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Re: Jhana meditation and attachment to pleasure

Post by Vakresvara » Sat Jun 08, 2013 7:03 pm

Hello everyone, I am new, but I fascinated by reading about this matter on this forum. On my own experience, those, which never had experience Jana, tends to repeat the idea of those with inclination to a specific teaching or practice.
This had been a common saying by some practitioners, whom in good faith, had been teach these concepts, and somehow, we fail to investigate for ourselves, what the Buddha Taught.

The Buddha did not make a distinction of these practices on the Satipatthana Sutta, but he described the process of the practice:

• Contemplation of the Body (Mindfulness of Breathing)
• The Contemplation of Feeling
• The Contemplation of Consciousness
• The Contemplation of Mental Objects

It is a natural process for practitioners to feel identified with certain aspects of the practice, and as consequence, narrows the practice to their own experience and results, and this is what I think is the source of the disagreement. (Suiting the Practice to your Own) it is valid, but not all individuals are the same, practitioners may have different nature and tendencies, and it is up to them, alone, to walk the path, after all, when certain level of practice is reached, there is no need for external confirmations, ones knows.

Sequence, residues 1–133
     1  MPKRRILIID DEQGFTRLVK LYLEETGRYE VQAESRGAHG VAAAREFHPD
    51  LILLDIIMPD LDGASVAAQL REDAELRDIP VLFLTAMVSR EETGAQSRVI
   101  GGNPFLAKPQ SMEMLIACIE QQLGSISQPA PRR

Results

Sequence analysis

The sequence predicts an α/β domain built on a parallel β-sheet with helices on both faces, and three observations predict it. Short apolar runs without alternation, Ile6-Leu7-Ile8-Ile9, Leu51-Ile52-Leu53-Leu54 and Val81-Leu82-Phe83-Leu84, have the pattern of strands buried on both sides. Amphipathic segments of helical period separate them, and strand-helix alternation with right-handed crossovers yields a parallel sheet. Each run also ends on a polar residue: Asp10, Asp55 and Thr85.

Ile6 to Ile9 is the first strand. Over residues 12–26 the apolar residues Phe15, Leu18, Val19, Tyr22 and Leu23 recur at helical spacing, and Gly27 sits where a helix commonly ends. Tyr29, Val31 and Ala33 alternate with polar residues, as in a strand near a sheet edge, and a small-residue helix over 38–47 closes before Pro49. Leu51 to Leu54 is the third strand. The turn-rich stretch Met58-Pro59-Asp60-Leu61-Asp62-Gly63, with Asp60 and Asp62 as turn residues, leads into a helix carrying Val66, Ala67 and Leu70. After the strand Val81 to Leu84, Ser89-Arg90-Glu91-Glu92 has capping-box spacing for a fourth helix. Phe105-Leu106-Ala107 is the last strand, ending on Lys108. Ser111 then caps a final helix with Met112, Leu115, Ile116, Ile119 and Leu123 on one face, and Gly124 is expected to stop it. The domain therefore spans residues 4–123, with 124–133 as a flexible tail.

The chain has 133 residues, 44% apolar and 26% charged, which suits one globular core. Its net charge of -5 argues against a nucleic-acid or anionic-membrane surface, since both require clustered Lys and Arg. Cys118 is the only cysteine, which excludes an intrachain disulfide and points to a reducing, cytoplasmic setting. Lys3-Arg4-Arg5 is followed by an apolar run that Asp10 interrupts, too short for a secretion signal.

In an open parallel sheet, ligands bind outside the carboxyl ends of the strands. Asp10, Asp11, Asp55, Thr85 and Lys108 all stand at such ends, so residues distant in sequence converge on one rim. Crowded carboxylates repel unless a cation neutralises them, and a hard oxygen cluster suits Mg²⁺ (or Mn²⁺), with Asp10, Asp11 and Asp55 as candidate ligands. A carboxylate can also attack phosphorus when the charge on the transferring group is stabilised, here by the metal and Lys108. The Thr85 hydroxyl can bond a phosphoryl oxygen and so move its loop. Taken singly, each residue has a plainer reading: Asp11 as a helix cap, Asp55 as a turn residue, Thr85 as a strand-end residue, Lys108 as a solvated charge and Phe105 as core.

Doubt, is one of the Hindrances, an obstacle that only may be removed by the practice, and when we do not know things as they really are, we tend to doubt, and this is why we should learn from our Supreme Master Directly, by practicing diligently and reading the Suttas.

This is what is in the Suttas;

“Friends, whatever monks or nuns declare before me that they have attained the final knowledge of Arahantship, all these do so in one of four ways. What four?

“1. Here, friends, a monk develops insight preceded by tranquility. While he thus develops insight preceded by tranquility, the path arises in him. He now pursues, develops, and cultivates that path, and while he is doing so, the fetters are abandoned and the underlying tendencies eliminated.

“2. Or again, friends, a monk develops tranquility preceded by insight. While he thus develops tranquility preceded by insight, the path arises in him. He now pursues, develops, and cultivates that path, and while he is doing so, the fetters are abandoned and the underlying tendencies eliminated.